Friday, December 16, 2022

31 Days Of CCS, #16: Quinn Thomson and Sam Nakahira

Quinn Thomson has quite a future ahead of him doing what he describes as "slice-of-life science fiction." This can be a really effective use of genre as kind of set decoration for character-driven narratives, and with a large cast, the focus can shift from character to character if it's a serial. Evan Dorkin did my favorite example of this with Hectic Planet, which shifted from sci-fi shenanigans to slice-of-life and romance. For Thomson, his stories center around the crew of the Squab, a space cargo vessel. Their actual job is quite unremarkable; they're not soldiers or explorers or adventurers; they are there to deliver goods. 

The central character is Shannon Kent, a "genetically engineered canine" who is one of the toughest and smartest crew members, albeit one insecure about a number of issues. Thomson balances short vignettes centering around gags (like someone who ties a knife to a cleaning drone) and narratives that explore Shannon's emotions. A bit of shore leave turns into a disaster when a kid calls her a doggy and wants to take her home. An embarrassing situation when a human tells her to leave a cafeteria is resolved when she bares her fangs in an attempt to demurely be more aggressive. There are times when her canine nature overrides things, like when a ball is flung in her direction. In Zero Point and Zero Point: Routine (a silent day-in-the-life comic about Shannon), Thomson spins small and gentle stories with a crisp line and attention to detail. Some of his drawings tend to be a bit on the busy side (there's a lot of clutter in addition to grayscale shading), but at this point, this is just his aesthetic. A story where the character's main problem is their own fears about fitting but is actually supported by her friends avoids easy conflicts and their cliched outcomes. This is a perfect hang-out comic, as Thomson's clear enjoyment of these characters comes across on the page. 

Thomson mines the same emotional territory in Delia, a comic that dips into horror tropes. A young man draws a woman who's clearly disguising her features with a hat, sunglasses, and a scarf over her face. When he tries to give her the drawing, she trips and falls, revealing that she's a monstrous, demonic-looking creature. After taking a moment to compose himself, he gives her her hat and the drawing, and they walk home together. There is a sweetness to the story that goes along with a general theme of acceptance in Thomson's stories that's heightened by his facility in drawing monsters, aliens, and anthropomorphic characters. Right now, Thomson is mostly in the mode of writing vignettes without much of a narrative arc, but his narrative arc is usually quite strong in his stories. I'd be curious to see him try a longer story or series of stories. 

Sam Nakahira is an interesting cartoonist because their overall project stretches out over several forms of genre. They have precisely the right voice to do comics journalism and history: curious, questioning, and confident, but not overbearing. Like all good journalists, they let readers fill in the gaps instead of telling them how they should feel. At this point of her career, while much of it has been journalism or history, she seems most confident doing fantasy. This is true in their comic The Moon Jar, which has a delightfully loose line while zeroing in on cleverly-designed monsters and creatures. The story follows a young woman named Diana who inherits her mother's curiosity shop along with her sisters. She relates accidentally breaking a stone that contained a sleeping dragon as a child, and how this informs her respect and awe for creatures--but also makes her a little cocky.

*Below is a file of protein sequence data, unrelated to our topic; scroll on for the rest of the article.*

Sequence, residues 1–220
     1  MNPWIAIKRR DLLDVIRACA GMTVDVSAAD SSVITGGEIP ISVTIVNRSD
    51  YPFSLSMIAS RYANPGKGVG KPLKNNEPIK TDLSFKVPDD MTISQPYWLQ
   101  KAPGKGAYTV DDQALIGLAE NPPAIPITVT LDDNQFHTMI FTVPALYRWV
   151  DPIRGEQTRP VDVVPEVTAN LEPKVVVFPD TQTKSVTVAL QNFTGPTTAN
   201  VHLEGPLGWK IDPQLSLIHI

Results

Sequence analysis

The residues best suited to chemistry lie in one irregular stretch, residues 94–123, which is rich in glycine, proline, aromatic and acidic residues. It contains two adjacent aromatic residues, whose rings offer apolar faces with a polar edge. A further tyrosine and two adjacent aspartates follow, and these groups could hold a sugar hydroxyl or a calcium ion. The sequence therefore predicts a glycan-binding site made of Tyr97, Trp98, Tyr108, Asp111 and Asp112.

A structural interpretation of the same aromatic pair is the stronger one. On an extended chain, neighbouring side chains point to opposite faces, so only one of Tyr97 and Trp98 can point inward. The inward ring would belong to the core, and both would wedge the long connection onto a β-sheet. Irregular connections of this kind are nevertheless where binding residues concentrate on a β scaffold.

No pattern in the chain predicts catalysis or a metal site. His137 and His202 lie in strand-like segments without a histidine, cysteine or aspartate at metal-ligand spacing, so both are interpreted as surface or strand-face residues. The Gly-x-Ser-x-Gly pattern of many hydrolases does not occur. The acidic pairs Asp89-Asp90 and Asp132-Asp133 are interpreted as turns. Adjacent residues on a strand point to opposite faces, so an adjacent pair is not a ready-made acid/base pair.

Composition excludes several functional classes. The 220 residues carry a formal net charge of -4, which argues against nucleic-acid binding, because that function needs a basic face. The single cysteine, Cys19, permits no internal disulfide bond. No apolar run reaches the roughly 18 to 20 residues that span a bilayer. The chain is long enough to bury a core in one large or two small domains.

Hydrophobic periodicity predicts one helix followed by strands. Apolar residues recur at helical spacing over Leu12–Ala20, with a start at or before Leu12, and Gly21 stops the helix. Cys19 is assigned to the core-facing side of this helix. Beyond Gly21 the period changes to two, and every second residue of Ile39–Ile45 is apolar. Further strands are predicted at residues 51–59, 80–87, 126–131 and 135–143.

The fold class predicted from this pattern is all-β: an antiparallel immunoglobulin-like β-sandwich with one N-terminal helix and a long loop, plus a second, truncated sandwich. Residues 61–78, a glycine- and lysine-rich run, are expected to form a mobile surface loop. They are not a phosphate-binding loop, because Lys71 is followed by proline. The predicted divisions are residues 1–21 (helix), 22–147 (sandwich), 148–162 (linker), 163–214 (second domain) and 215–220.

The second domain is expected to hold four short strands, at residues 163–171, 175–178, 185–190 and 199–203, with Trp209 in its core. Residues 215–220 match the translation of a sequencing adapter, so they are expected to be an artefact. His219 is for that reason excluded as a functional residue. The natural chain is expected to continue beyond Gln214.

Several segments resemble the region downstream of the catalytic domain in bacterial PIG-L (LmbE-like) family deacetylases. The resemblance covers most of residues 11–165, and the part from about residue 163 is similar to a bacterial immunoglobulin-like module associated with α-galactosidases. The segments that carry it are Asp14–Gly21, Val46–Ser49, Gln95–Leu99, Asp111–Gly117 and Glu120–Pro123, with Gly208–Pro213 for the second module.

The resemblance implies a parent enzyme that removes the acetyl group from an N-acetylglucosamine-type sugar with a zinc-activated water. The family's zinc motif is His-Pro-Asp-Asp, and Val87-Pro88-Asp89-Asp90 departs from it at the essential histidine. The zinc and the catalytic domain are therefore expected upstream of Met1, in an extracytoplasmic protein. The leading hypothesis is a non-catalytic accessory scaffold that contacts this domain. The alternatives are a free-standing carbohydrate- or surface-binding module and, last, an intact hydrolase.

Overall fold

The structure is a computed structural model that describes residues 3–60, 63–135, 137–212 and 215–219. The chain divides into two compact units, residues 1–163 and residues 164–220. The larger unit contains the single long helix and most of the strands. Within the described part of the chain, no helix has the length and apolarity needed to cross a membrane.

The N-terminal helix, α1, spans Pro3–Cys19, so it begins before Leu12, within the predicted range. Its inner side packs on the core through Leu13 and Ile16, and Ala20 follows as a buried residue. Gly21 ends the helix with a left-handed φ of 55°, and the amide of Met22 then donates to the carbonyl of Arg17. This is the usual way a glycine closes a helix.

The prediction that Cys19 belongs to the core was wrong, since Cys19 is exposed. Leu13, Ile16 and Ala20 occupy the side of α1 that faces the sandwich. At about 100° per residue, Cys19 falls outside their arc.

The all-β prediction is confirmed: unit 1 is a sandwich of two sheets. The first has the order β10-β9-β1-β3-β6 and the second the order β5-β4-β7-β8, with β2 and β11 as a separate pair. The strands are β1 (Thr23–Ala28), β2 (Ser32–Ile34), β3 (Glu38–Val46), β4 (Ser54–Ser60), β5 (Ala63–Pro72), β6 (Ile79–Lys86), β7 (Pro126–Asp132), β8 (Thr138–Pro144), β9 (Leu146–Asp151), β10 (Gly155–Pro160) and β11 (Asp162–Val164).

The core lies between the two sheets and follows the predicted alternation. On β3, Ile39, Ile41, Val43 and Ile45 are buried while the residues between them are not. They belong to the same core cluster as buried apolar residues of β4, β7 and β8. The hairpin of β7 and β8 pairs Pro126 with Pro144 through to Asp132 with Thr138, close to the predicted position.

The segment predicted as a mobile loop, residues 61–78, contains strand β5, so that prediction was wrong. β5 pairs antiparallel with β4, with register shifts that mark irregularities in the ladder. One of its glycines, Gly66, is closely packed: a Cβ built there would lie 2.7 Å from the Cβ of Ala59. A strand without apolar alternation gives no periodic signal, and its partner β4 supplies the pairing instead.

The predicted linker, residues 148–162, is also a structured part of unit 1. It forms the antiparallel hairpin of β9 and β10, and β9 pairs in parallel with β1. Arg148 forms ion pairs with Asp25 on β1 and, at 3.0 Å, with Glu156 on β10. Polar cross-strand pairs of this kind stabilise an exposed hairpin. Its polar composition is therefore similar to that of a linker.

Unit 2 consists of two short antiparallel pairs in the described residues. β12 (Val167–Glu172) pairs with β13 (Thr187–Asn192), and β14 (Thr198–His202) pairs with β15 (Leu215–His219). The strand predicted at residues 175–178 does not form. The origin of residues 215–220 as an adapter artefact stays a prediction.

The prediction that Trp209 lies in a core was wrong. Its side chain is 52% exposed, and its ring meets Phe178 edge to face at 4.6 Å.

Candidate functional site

When a tiny demon (a kappa) tricks her into removing the stone keeping something called The Moon Jar closed, the contents spill out, which includes an octopus who stole a piece of the moon. Diana and her sisters have to consult with an elder (a turtle) and consult local pearl divers for help. The missing piece of the moon is wreaking havoc with the tides and flooding the town, but Diana is able to convince the irascible octopus into trading the piece of the moon for her eye--an eye that can see spirits, as a child of Neptune.The story is well-paced, has a strong narrative arc built around traditional stories, and easily-understood relationships with Diana and her sisters. It feels like the first of many stories with these characters. 

Nakahira also collected a few short stories, which revolve around the indigenous populations of Japan and the ways in which the modern government betrays. A story about the endangered dugong (akin to a manatee) of Okinawa, which is treasued by the indigenous population, evolves into a protest against a joint US-Japanese military base. There's a story about how the Ainu, another indigenous group, created the "umami" savory flavor using a kind of local seaweed called kenbo. When the were colonized by Imperial Japan, they outlawed "primitive" hunting/gathering methods, despite the strong influence kenbo had in trade. Nakahira tells the bizarre story of "Battleship Island," which was once used a dense-packed living area for what was essentially slave labor, especially of Koreans. Nakahira notes a reluctance for the Japanese state and people to own up to its legacy. In terms of technique, this is the best-told of the stories, with a number of striking individual images that bring her point home in a way that she does less of in the first two stories. Finally, her account of the life of Kaneko Fumiko, a 1920s non-person who defied the Imperial government as an anarchist activist. Nakahira's enthusiasm for this story is especially moving, as Kaneko unsurprisingly meets a bad end but leaves a powerful legacy. 

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